People renting cars for holiday trips may be in for some sticker shock.
Rental car companies have brought in more vehicles since shortages sent prices sky-high this summer, but rates are rising again as more people prepare to hit the road over Thanksgiving and the winter holidays.
"The holidays are looking better than this summer, but I wouldn't be celebrating too much. It's still a pricey time to rent a car, and we predict that it will be for quite some time moving forward," said Matt Clarke, vice president of North America marketing at travel search company Kayak.
Just how much rates are expected to go up depends on who you ask, and where you're renting.
Kayak estimates average rental prices in Chicago over Thanksgiving are about $104 per day, up 90% compared with the same period in 2019. Nationwide, rates averaged $97 per day, though New Yorkers are expected to pay even more: about $135 per day over Thanksgiving.
AAA forecasts a more modest increase, with an average daily car rental rate of $98 across 20 U.S. locations over Thanksgiving, up just 4% from last year but nearly 31% higher than 2019.
Drivers will also shell out more to fill the tank. Gasoline prices were 49.6% higher in October than they were a year ago, according to the most recent Consumer Price Index report from the U.S. Bureau of Labor Statistics.
More than 53.4 million are expected to travel for the Thanksgiving holiday, up 13% compared with last year and within 5% of 2019, AAA said. About 90% of those travelers are expected to drive.
Car rental prices shot up this summer as travel rebounded while rental companies were struggling to replace the hundreds of thousands of vehicles they sold when travel shut down early in the pandemic. Semiconductor shortages affecting car manufacturers limited access to new vehicles.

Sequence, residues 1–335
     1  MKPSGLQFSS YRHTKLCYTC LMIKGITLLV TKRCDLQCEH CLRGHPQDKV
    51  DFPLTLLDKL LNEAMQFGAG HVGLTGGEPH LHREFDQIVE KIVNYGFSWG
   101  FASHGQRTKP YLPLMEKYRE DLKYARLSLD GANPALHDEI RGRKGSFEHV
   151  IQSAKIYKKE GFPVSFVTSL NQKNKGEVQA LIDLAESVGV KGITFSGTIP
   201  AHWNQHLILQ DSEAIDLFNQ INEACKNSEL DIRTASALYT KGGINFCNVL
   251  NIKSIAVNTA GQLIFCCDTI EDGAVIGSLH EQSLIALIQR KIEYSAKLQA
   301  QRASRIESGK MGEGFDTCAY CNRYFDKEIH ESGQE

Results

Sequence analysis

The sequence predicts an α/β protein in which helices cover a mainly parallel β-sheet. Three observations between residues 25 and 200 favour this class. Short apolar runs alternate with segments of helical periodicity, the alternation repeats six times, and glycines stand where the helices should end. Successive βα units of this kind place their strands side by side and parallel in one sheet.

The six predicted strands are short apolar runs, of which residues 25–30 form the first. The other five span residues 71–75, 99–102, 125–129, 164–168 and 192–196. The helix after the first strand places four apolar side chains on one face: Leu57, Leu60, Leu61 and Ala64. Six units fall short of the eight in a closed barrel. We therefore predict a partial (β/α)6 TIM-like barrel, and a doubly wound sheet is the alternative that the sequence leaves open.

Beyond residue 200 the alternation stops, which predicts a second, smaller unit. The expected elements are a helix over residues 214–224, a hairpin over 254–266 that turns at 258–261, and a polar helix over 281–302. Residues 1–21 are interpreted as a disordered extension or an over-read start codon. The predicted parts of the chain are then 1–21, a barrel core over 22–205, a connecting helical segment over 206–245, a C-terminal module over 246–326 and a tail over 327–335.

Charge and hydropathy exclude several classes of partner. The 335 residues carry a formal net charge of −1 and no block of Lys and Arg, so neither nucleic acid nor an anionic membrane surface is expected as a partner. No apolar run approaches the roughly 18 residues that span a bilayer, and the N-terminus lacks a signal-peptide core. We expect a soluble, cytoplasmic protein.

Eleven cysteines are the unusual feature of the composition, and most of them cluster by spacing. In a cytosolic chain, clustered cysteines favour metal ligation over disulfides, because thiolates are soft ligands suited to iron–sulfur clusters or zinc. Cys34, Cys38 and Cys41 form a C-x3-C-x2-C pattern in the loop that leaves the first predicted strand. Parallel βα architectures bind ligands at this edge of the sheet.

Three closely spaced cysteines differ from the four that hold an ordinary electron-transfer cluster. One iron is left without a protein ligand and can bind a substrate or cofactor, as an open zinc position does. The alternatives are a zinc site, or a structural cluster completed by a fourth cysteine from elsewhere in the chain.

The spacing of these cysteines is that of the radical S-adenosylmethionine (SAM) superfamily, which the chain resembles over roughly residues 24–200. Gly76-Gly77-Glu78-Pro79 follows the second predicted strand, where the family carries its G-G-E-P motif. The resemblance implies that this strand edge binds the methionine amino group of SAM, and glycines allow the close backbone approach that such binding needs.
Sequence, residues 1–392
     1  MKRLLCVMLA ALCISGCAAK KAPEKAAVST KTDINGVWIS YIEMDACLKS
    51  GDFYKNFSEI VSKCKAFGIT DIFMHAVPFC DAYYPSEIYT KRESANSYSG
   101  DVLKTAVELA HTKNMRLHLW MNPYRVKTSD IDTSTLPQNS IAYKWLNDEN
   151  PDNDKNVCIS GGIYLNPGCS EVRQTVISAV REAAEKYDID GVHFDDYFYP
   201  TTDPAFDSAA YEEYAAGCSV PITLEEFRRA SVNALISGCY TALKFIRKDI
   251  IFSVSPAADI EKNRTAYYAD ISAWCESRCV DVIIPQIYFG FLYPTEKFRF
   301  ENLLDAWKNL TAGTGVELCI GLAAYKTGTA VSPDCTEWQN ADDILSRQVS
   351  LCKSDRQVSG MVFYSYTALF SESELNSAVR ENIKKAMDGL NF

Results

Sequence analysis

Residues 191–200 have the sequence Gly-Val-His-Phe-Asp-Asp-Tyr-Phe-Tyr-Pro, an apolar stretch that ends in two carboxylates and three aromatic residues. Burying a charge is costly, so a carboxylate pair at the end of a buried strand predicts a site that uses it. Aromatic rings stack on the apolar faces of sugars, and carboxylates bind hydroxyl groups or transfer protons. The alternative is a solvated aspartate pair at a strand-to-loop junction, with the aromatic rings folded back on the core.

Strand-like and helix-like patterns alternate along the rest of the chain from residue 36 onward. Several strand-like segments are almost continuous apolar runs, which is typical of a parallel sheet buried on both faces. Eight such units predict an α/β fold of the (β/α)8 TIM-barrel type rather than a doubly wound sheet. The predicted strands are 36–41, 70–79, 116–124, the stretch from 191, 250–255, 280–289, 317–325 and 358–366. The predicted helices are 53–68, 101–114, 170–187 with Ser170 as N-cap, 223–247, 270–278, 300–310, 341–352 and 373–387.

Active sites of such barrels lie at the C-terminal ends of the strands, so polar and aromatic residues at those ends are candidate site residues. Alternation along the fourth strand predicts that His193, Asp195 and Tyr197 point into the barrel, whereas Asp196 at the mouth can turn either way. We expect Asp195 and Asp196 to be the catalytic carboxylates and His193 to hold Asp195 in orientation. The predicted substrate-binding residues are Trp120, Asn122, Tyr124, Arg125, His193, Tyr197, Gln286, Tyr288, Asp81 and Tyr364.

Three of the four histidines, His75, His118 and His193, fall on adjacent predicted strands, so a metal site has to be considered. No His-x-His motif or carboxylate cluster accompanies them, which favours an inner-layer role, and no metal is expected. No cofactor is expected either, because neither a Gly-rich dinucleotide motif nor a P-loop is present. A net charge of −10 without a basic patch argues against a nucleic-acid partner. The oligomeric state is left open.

Avis Budget Group had about 434,400 vehicles in its fleet during the three months that ended Sept. 30, up 20% from the same period last year and similar to the average size of its fleet in 2019. The company spent about $8 billion on new cars this year, CEO Joseph Ferraro said during an earnings call earlier this month.
In an investor presentation, the company said it spent more than $8 billion on new vehicles this year and is working to extend the lift of cars in its fleet.
Hertz, meanwhile, still had 34% fewer vehicles in its fleet during the three months that ended Sept. 30 than it had two years prior.
"Although we are fleeting new vehicles each month, we are not seeing the levels of supply required to fully replenish and rotate the fleet," Chief Financial Officer Kenny Cheung said during an earnings call last month.
Hertz has ordered 100,000 Tesla electric vehicles, which are expected to be delivered through the end of 2022.
Kayak's Clarke advised shopping around, which could include checking out companies that let customers rent someone's personal car.
Car-sharing company Avail tripled its vehicle listings compared with a year ago as of September, spokesman William Miller said in an email.
Clarke also recommended booking as early as possible.
"We're not anticipating last-minute deals in this market," he said.